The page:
In the narrative of the Hebrew conquest, Hebron was one of two centres under Canaanite control and ruled by the three sons of Anak, or may reflect some Kenite and Kenizzite migration from the Negev to Hebron, since terms related to the Kenizzites appear to be close to Hurrian, which suggests that behind the Anakim legend lies some early Hurrian population. In Biblical lore they are represented as descendants of the Nephilim; the Book of Genesis mentions that it was called Kirjath-arba, or "city of four" referring to the four pairs or couples who were buried there, or four tribes, or four quarters, four hills, or a confederated settlement of four families. The story of Abraham's purchase of the Cave of the Patriarchs from the Hittites constitutes a seminal element in what was to become the Jewish attachment to the land in that it signified the first "real estate" of Israel long before the conquest under Joshua. In settling here, Abraham is described as making his first covenant, an alliance with two local Amorite clans who became his ba’alei brit or masters of the covenant.
The Hebron of the Bible was centered on what is now known as Tel Rumeida, while its ritual centre was located at Elonei Mamre. It is said to have been wrested from the Canaanites by either Joshua, said to have wiped out all of its previous inhabitants, "destroying everything that drew breath, as the Lord God of Israel had commanded", or the tribe of Judah as a whole, or Caleb the Judahite; the town itself, with some contiguous pasture land, is said to have been granted to the Levites of the clan of Kohath, while the fields of the city, as well as its surrounding villages were assigned to Caleb, who expels the three giants, Sheshai and Talmai, who ruled the city. The biblical narrative has King David called by God to relocate to Hebron and reign from there for some seven years, it is there that the elders of Israel come to him to make a covenant before Elohim and anoint him king of Israel. It was in Hebron again that Absalom has himself declared king and raises a revolt against his father David.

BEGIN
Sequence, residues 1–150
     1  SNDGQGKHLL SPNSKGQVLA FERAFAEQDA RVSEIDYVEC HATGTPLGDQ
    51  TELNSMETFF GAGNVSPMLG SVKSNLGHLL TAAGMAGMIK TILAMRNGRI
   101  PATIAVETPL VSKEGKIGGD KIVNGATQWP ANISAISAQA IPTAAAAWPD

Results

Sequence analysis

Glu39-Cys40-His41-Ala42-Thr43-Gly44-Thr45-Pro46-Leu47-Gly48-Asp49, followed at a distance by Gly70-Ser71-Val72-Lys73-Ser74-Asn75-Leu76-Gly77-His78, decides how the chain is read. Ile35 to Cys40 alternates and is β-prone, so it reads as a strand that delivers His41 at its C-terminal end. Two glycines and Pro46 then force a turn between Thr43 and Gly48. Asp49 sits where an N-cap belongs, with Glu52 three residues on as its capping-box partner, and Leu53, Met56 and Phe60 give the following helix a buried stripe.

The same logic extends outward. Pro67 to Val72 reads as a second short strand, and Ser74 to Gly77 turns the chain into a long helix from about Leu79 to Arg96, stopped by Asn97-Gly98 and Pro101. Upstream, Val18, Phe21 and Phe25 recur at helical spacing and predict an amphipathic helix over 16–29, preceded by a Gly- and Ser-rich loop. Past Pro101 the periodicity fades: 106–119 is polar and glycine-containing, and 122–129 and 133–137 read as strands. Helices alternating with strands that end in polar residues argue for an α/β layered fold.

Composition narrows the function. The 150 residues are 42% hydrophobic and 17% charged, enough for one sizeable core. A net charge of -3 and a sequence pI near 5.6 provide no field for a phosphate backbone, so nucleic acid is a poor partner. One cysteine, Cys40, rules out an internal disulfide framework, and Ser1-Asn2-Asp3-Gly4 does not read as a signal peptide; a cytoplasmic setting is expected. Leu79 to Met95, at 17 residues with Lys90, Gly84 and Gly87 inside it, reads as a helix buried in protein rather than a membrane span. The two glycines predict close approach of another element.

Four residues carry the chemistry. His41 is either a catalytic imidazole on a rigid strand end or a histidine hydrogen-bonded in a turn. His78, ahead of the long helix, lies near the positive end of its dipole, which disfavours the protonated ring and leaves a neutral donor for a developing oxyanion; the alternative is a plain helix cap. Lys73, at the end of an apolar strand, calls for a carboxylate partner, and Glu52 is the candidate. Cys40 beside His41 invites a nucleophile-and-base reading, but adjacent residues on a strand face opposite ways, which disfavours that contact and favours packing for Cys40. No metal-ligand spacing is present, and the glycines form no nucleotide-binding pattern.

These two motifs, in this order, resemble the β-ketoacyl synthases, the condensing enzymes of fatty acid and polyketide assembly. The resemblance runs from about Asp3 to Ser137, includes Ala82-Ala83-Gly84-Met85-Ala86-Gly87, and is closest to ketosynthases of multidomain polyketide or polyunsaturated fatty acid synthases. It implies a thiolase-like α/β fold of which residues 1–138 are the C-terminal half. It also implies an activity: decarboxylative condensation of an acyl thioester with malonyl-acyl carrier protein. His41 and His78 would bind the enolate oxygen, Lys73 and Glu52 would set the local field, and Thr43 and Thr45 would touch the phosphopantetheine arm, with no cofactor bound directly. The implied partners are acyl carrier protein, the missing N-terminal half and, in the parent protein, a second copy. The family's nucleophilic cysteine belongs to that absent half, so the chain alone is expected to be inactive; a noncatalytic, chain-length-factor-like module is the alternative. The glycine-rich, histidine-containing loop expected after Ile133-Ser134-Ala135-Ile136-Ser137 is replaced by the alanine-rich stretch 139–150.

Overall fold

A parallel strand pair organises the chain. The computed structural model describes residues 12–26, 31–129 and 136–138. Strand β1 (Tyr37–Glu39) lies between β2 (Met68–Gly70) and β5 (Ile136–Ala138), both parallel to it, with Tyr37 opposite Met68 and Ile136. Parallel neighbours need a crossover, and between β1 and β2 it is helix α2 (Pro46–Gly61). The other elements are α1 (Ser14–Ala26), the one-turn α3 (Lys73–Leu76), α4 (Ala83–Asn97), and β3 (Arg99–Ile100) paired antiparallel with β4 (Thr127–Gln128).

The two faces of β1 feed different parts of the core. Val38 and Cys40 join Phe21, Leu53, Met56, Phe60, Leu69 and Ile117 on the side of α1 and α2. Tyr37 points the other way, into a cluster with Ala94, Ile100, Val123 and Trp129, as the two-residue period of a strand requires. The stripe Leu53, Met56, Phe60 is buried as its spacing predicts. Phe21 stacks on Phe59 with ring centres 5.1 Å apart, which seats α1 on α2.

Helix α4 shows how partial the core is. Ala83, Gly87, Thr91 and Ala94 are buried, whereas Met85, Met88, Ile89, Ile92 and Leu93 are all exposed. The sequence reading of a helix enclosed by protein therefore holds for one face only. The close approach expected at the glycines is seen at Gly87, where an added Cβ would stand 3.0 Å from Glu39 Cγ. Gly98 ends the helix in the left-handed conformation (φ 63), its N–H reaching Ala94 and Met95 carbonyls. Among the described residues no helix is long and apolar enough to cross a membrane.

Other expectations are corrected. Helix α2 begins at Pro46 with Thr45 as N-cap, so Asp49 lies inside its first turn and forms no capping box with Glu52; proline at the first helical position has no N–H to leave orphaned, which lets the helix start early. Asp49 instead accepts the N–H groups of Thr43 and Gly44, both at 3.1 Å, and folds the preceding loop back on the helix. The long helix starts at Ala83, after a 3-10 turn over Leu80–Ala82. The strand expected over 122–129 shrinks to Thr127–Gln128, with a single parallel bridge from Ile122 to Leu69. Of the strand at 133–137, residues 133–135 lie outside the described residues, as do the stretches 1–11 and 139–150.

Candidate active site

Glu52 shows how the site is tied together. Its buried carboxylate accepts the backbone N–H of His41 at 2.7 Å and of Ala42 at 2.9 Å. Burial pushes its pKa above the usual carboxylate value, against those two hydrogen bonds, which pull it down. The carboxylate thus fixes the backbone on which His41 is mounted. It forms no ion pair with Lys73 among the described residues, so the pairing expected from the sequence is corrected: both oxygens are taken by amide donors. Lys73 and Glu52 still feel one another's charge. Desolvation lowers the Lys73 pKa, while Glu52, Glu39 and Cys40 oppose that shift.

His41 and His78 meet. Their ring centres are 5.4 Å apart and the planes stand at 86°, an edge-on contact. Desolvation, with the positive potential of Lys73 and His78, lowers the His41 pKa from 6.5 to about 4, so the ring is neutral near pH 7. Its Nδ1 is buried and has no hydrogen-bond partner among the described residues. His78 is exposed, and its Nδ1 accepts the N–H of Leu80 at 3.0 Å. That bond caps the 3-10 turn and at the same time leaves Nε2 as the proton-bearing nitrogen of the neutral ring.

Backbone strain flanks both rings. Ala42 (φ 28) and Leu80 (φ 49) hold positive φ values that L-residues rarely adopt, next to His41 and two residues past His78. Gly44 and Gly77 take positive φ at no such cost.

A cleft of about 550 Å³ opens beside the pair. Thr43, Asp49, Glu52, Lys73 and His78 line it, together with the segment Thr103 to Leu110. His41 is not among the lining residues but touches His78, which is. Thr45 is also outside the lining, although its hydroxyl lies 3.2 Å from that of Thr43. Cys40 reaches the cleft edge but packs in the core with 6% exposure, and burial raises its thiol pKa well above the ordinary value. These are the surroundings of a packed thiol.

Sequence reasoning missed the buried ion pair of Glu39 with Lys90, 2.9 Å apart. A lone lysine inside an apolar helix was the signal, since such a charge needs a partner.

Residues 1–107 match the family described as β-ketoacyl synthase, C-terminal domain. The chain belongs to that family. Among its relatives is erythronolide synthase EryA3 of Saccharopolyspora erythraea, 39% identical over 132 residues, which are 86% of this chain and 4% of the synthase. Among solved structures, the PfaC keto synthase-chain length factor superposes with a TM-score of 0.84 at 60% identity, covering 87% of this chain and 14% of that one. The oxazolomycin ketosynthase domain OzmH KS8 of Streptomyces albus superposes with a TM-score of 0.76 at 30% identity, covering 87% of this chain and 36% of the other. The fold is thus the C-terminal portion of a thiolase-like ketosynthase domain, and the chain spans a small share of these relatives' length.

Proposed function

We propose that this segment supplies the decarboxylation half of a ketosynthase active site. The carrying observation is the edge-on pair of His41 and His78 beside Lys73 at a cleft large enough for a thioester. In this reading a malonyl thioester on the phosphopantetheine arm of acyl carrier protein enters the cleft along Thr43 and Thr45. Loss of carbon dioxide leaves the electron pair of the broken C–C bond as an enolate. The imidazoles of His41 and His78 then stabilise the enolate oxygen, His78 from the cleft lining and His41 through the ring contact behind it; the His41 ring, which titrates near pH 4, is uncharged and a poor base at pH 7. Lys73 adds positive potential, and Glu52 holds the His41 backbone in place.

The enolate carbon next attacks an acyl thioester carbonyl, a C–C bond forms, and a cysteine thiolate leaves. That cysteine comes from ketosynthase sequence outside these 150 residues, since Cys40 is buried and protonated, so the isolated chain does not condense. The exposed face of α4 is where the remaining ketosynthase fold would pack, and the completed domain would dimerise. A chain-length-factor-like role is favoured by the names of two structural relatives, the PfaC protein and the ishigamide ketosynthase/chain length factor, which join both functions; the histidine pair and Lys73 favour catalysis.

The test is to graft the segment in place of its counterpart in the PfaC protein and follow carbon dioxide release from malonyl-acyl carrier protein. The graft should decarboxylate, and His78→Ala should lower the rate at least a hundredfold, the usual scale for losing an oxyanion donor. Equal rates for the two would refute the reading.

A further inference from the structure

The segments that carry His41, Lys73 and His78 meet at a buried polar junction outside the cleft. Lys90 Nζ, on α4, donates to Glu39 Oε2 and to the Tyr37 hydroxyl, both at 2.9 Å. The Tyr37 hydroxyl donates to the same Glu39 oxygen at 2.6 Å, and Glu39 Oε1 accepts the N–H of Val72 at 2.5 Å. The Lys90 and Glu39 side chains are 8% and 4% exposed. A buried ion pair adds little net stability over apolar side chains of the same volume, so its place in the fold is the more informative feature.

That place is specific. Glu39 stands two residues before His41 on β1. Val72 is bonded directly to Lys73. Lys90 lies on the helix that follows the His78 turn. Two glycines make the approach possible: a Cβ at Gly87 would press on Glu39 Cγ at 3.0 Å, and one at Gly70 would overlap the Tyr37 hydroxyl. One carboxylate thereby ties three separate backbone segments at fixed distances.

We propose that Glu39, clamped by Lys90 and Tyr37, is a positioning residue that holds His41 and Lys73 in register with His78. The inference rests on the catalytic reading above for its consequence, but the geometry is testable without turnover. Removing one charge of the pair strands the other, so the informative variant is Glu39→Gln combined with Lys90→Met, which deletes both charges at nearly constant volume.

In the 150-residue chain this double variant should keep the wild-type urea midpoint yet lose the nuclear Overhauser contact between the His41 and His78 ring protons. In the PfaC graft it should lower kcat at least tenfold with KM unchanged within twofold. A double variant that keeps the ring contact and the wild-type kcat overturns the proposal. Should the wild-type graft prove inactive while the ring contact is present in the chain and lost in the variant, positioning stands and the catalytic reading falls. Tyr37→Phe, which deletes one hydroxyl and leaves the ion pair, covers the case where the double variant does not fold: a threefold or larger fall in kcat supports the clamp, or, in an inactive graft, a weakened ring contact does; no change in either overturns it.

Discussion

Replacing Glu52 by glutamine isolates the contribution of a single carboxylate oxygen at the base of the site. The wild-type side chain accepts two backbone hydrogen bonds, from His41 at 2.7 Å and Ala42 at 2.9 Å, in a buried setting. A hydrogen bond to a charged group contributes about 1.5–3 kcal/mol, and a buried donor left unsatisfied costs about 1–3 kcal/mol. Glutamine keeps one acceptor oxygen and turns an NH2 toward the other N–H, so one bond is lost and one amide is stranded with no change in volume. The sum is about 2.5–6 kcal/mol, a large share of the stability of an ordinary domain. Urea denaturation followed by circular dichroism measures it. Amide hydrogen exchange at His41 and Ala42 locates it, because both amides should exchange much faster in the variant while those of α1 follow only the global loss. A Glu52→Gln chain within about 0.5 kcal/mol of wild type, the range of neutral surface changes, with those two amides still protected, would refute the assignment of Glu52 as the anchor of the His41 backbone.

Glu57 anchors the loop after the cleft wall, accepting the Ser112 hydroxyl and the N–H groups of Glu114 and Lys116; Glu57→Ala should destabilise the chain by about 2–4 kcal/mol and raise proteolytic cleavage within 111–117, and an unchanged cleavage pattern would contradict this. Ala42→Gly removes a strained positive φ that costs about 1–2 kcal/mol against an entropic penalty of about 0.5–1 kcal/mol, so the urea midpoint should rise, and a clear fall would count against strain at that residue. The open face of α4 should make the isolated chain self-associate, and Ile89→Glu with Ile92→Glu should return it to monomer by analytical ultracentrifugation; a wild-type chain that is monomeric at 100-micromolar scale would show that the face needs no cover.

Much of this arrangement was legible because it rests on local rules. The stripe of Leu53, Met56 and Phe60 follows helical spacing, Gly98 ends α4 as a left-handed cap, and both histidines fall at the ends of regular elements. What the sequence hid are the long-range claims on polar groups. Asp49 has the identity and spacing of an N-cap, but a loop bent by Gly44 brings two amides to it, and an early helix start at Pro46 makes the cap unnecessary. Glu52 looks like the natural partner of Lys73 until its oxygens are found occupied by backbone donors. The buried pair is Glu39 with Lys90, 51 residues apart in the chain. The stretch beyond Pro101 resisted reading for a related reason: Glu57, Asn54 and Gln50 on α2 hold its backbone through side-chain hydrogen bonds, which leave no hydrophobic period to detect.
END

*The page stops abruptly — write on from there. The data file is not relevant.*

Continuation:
It became one of the principal centers of the Tribe of Judah and was classified as one of the six traditional Cities of Refuge. As is shown by the discovery at Lachish, the second most important Judean city after Jerusalem, of seals with the inscription lmlk Hebron, Hebron continued to constitute an important local economic centre, given i